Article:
Investing.com - The dollar was mostly higher against the other
major currencies on Friday, as markets eyed the release of highly
anticipated U.S. employment data later in the day, after data on
Wednesday showed that the private sector added more jobs than
expected last month.
The dollar was steady against the euro, with EUR/USD down 0.04%
The greenback remained supported after Wednesday's ADP nonfarm
payrolls report showed that the U.S private sector added 281,000
jobs in June, outstripping expectations for an increase of 200,000.
It was the largest increase since November 2012.
In the euro zone, official data showed that retail sales were
flat in May, compared to expectations for a 0.2% rise, after a 0.2%
fall in April, whose figure was revised from a previously estimated
Separate reports showed that Spanish service sector activity
slowed unexpectedly in May, while in Italy it expanded at the
fastest rate since December 2010.
The single currency remained under pressure amid concerns that
the European Central Bank could voice concerns over the currency's
recent strength at its post-policy meeting press conference, as
fears over persistently low levels of inflation in the euro zone
The ECB was seen as unlikely to implement fresh monetary policy
measures at its meeting after cutting rates to record lows in
The pound edged lower against the dollar, with GBP/USD slipping
0.15% to 1.7140.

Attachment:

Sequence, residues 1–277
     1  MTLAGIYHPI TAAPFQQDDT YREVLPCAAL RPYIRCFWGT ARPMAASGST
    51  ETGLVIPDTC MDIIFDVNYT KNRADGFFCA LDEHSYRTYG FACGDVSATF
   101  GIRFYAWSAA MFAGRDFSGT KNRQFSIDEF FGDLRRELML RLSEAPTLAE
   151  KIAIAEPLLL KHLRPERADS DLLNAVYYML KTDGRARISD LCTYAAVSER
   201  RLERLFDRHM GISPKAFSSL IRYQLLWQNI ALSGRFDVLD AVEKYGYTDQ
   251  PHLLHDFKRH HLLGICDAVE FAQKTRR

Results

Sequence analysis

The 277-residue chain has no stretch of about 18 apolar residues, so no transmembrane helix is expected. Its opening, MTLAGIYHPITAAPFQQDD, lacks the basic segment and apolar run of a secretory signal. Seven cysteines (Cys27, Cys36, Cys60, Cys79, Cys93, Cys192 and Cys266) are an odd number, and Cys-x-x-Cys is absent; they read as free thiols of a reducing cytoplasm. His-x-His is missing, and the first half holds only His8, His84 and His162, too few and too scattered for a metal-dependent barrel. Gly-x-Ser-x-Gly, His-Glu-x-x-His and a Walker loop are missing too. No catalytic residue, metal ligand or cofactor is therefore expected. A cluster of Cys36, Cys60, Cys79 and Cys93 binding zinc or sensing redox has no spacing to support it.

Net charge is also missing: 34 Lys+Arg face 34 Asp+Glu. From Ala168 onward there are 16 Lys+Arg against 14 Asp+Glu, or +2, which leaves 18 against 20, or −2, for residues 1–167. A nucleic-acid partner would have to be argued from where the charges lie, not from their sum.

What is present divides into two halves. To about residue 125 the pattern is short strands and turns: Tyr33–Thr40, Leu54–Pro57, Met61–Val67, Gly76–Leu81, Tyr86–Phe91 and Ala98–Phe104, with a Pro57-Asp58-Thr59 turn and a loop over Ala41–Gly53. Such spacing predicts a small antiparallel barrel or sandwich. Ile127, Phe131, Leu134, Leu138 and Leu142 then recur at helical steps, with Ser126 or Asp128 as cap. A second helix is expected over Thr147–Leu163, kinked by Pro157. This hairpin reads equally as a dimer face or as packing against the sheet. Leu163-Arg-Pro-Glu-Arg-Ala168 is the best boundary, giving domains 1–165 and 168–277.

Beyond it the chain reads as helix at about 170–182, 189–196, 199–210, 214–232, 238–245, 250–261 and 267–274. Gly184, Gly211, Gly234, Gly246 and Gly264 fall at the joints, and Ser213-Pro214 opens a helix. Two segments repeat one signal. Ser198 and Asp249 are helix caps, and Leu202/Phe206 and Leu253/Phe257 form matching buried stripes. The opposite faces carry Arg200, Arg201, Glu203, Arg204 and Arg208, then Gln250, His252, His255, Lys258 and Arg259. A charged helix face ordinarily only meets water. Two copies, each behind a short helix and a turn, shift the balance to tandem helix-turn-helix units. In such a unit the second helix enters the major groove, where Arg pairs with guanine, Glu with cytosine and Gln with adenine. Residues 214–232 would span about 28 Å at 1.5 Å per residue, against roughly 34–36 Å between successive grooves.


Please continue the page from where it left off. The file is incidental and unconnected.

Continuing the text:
The Markit U.K. services purchasing managers' index slowed to
57.7 in June from 58.6 in May, and below forecasts of 58.3. It was
the lowest reading in three months, but remained well above the 50
level separating growth from contraction.
The dollar was higher against the yen, with USD/JPY adding 0.16%
to 101.94 and steady against the Swiss franc, with USD/CHF up 0.03%
The greenback was mixed against the Australian, New Zealand and
Canadian dollars, with AUD/USD down 0.74% to 0.9374, NZD/USD
slipping 0.14% to 0.8761 and USD/CAD edging down 0.13% to
The Australian dollar weakened after Reserve Bank of Australia
Governor Glenn Stevens said the currency was "overvalued" by most
In a speech delivered earlier in the day, Stevens added that
investors are under-estimating the probability of a "significant
fall" in the Australian dollar at some point.
Meanwhile, official data showed that retail sales in Australia
fell 0.5% in May, confounding expectations for a 0.3% rise, after a
0.1% slip in April, whose figure was revised down from a previously
estimated 0.2% increase.
A separate report showed that building approvals in Australia
climbed 9.9% in May, exceeding expectations for a 3% rise, after a
5.8% drop in April, whose figure was revised down from a previously
estimated 5.6% decline.
The US Dollar Index, which tracks the performance of the
greenback versus a basket of six other major currencies, was up
0.10% to 80.05.
Later in the day, the U.S. was to publish data on the trade
balance, as well as the weekly report on initial jobless claims,
government data on nonfarm payrolls and the unemployment rate, one
day ahead of schedule, before the fourth of July holiday.
In addition, the Institute of Supply Management was to publish a
report service sector activity.
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